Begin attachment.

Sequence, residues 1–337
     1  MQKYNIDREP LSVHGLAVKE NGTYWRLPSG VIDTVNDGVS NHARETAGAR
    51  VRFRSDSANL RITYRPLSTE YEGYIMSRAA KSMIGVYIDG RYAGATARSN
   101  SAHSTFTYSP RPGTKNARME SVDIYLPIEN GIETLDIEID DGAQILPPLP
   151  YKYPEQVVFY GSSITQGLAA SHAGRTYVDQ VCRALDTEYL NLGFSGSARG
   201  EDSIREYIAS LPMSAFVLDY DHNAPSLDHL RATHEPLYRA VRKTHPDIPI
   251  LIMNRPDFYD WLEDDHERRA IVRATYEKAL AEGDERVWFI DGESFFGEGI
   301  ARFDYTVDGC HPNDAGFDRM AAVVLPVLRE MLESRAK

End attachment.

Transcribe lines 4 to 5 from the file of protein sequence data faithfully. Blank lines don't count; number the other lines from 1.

   101  SAHSTFTYSP RPGTKNARME SVDIYLPIEN GIETLDIEID DGAQILPPLP
   151  YKYPEQVVFY GSSITQGLAA SHAGRTYVDQ VCRALDTEYL NLGFSGSARG